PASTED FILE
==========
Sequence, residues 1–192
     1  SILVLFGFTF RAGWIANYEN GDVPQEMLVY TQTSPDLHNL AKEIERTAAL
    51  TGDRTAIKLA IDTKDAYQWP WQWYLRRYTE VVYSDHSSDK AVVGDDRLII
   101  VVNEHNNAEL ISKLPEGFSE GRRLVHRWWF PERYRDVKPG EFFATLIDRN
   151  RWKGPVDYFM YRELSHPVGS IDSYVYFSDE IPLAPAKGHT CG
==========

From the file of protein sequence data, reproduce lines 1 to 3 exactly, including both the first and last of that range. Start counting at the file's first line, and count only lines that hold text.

Sequence, residues 1–192
     1  SILVLFGFTF RAGWIANYEN GDVPQEMLVY TQTSPDLHNL AKEIERTAAL
    51  TGDRTAIKLA IDTKDAYQWP WQWYLRRYTE VVYSDHSSDK AVVGDDRLII